BRUSSELS (Reuters) – A Catholic hospital cannot dismiss an employee who divorced and remarried, as abiding by Catholic rules does not constitute an occupational requirement, an adviser to the EU’s top court said on Thursday.
The hospital in Duesseldorf, Germany dismissed the Catholic doctor, who had worked there for nine years, after it learned of his remarriage.
It said he had violated the moral obligations of his employment when he divorced and remarried without annulling the first marriage, as prescribed under Catholicism.
But European Court of Justice Advocate General Melchior Wathelet disagreed.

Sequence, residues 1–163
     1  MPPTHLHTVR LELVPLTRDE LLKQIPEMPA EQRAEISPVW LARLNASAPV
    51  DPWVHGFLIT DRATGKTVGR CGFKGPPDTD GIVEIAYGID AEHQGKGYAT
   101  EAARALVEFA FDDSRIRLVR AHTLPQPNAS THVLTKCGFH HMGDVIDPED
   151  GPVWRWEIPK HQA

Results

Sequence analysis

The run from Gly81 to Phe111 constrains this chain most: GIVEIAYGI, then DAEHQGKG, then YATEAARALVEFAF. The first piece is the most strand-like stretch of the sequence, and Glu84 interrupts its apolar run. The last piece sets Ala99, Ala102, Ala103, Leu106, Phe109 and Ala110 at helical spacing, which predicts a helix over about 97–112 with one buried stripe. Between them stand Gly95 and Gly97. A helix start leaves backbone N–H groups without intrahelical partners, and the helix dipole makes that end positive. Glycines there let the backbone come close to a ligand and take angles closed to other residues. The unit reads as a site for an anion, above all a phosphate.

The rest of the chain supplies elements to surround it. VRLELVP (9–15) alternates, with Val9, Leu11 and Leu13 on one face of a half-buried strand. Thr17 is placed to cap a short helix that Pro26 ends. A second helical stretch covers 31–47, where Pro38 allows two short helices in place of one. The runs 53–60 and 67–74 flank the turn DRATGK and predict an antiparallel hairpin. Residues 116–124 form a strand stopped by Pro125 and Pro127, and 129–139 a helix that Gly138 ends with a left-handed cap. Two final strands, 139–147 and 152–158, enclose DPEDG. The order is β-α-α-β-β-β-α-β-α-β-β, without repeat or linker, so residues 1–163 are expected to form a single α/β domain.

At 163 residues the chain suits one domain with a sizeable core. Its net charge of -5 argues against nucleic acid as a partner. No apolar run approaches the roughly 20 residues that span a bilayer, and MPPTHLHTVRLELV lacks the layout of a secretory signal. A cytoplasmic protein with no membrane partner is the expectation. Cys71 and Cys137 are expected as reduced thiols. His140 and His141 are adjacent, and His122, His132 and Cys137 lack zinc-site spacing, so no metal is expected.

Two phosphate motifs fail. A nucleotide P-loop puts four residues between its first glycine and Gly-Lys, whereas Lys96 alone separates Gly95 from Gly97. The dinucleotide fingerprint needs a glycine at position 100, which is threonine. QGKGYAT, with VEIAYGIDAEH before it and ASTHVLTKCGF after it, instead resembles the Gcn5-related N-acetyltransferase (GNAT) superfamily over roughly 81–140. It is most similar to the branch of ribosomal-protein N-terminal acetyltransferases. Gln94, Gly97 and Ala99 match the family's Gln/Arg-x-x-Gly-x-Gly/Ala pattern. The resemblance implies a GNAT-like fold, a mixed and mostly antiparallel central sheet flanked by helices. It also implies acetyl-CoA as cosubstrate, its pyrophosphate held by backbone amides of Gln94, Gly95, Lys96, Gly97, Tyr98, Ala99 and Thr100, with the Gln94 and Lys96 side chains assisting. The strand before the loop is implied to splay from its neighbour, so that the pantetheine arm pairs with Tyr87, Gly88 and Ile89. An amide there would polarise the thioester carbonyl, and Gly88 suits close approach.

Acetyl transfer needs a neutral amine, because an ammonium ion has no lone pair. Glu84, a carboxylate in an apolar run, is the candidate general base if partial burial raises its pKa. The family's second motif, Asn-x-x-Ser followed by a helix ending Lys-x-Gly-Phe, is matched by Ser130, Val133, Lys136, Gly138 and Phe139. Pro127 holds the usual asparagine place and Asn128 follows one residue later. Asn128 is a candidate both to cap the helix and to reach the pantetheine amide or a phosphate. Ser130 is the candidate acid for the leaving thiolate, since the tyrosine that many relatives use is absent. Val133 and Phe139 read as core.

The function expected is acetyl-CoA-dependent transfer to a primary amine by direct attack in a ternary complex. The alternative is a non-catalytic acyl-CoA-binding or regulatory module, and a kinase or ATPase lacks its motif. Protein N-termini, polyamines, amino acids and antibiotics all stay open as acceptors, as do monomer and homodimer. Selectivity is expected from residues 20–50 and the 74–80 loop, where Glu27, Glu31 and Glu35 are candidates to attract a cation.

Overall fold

“Such a profession of belief does not constitute, in this case, an occupational requirement, much less one that is genuine and justified,” he said in a statement.
The court, whose judgements cannot be appealed, is not obliged to follow the reasoning of its adviser, but usually does so.
Membership of the Catholic Church is not a requirement to work at the hospital, and non-Catholics employed there are not expected to abide by Catholic tenets, the adviser said.
(Reporting by Megan Dollar; editing by John Stonestreet)